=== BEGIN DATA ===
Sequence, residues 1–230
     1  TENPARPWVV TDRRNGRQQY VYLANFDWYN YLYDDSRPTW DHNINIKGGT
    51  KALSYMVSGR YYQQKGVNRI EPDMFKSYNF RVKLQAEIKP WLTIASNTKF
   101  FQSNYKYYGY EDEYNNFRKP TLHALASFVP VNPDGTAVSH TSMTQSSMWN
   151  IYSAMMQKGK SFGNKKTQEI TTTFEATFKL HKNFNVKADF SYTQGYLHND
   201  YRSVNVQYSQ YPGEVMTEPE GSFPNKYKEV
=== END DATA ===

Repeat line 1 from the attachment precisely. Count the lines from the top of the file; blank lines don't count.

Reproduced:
Sequence, residues 1–230